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What Types Of B-52's Are Still In Service?  
User currently offlineZKNCL From New Zealand, joined Oct 2010, 287 posts, RR: 0
Posted (3 years 3 months 3 weeks 6 days 11 hours ago) and read 12630 times:

Hi,
Just wondering if all B-52's in service are B-52H or is there a mix between the older models like G,E,F etc?

Thanks,
ZKNCL

16 replies: All unread, jump to last
 
User currently offlinemoose135 From United States of America, joined Oct 2004, 2313 posts, RR: 10
Reply 1, posted (3 years 3 months 3 weeks 6 days 9 hours ago) and read 12601 times:

All remaining in service are H-models.


KC-135 - Passing gas and taking names!
User currently offlineKC135TopBoom From United States of America, joined Jan 2005, 12135 posts, RR: 51
Reply 2, posted (3 years 3 months 3 weeks 6 days 2 hours ago) and read 12418 times:

I believe all the "E" models have been scrapped, only 1 or 2 "F" models are still around in museums. There are several "D" and "G" models as gate guards or museum peices. There are also several B-52Gs in flyable storage, I don't know how many, then there are about 100 "Gs" in various conditions of cut up for parts hulks for the "Hs". Only the B-52G can supply parts to the B-52H as the other models are just to different from the "H". Then there are the B-52Gs that are cut up and awaiting scrapping. I believe they still must stay that way due to the START-1 treaty, for about 10 more years.

There are two B-52B models still around, one at the SAC museum (actually it is a RB-52B) and the old NASA 52-007 airplane. There is also one or 2 B-52C models somewhere, one flown by P&W (I think it is grounded by now) and one that used to be flown by GE but is now grounded.

The 3 B-52As that were built were accepted by the USAF, but never palced in service. Boeing leased them back for early jet airplane testing, along with the YB-52 and XB-52. All 5 of these airplanes were scrapped in the 1960s.


User currently offlineebj1248650 From United States of America, joined Jun 2005, 1932 posts, RR: 1
Reply 3, posted (3 years 3 months 3 weeks 5 days 22 hours ago) and read 12286 times:

Quoting KC135TopBoom (Reply 2):
The 3 B-52As that were built were accepted by the USAF, but never palced in service. Boeing leased them back for early jet airplane testing, along with the YB-52 and XB-52. All 5 of these airplanes were scrapped in the 1960s.

Wasn't one of the B-52A aircraft a mother ship for the X-15 and didn't it fly well into the 60's and perhaps beyond?



Dare to dream; dream big!
User currently offlinelegs From Australia, joined Jun 2006, 239 posts, RR: 0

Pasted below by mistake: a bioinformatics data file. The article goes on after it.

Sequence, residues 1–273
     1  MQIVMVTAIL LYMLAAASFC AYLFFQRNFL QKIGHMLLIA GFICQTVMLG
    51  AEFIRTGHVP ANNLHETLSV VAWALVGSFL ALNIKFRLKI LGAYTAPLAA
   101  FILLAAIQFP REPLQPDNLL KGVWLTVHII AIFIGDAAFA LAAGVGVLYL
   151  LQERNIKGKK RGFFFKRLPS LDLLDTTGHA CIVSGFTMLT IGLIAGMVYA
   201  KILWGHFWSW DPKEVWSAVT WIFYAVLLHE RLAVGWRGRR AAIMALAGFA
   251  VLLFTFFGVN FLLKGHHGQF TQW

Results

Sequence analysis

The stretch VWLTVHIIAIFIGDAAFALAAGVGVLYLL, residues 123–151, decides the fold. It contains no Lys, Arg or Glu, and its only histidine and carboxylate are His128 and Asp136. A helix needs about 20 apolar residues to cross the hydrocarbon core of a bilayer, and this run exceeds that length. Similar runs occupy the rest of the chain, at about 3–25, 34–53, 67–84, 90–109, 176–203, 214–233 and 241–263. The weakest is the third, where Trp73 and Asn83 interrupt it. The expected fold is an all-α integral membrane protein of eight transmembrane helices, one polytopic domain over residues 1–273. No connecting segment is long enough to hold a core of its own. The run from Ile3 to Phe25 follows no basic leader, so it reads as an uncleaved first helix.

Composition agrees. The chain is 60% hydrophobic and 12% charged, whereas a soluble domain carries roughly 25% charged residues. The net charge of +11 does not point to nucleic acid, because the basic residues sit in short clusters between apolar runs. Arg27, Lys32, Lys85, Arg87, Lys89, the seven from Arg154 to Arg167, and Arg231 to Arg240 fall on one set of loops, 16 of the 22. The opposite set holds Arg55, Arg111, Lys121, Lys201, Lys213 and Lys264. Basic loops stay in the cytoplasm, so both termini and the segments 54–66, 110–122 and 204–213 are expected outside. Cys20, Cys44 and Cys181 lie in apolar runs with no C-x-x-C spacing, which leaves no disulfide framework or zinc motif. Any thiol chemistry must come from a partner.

Reply 4, posted (3 years 3 months 3 weeks 5 days 19 hours ago) and read 12206 times:



Quoting ebj1248650 (Reply 3):
Wasn't one of the B-52A aircraft a mother ship for the X-15 and didn't it fly well into the 60's and perhaps beyond?
Is this the plane you're thinking of?

[Edited 2011-05-03 19:32:30]

User currently offlinerwessel From United States of America, joined Jan 2007, 2345 posts, RR: 2
Reply 5, posted (3 years 3 months 3 weeks 5 days 17 hours ago) and read 12171 times:
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Quoting legs (Reply 4):
Quoting ebj1248650 (Reply 3):
Wasn't one of the B-52A aircraft a mother ship for the X-15 and didn't it fly well into the 60's and perhaps beyond?
Is this the plane you're thinking of?

No, Balls 8 (52-008) was the NB-52B. Balls 3 (52-003), the first X-15 carrier, was the last of the three A* model B-52s built, and was retired to Pima in 1968. Balls 8 joined the X-15 program with the fifth or sixth X-15 flight.

*The three B-52As were never operational, but served as test aircraft for a while. The B-52Bs were the first operational variant. Ten of the Bs were originally ordered as As, but the order was converted and they were delivered in full B form.


User currently offlinewn700driver From , joined Dec 1969, posts, RR:
Reply 6, posted (3 years 3 months 3 weeks 5 days 12 hours ago) and read 12078 times:

Quoting legs (Reply 4):
Is this the plane you're thinking of?

Well it was that one (or another just like it) that I saw on display outdoors at the Pima Air and Space Museum a few years back...


User currently offlineB737900 From United States of America, joined Aug 2010, 174 posts, RR: 0
Reply 7, posted (3 years 3 months 3 weeks 3 days 21 hours ago) and read 11712 times:
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Quoting KC135TopBoom (Reply 2):
There are two B-52B models still around, one at the SAC museum (actually it is a RB-52B) and the old NASA 52-007 airplane. There is also one or 2 B-52C models somewhere, one flown by P&W (I think it is grounded by now) and one that used to be flown by GE but is now grounded.

A number of years ago I visited the air museum at Travis AFB in northern California. They had a B-52(?) on display. Don't know what model it was. What struck me was how small it seemed. They had the bomb bay doors open and you could stand in the opening. Have no idea if that museum is still open or not. Recently on the Top 5 on a.net there was an aeriel view of Victorville looking down at dozens of B52's headed for the scrap heap. Had no idea there were that many left. Very old aircraft. Read something a while back where a grandson of a former B52 pilot was now piloting one! Amazing.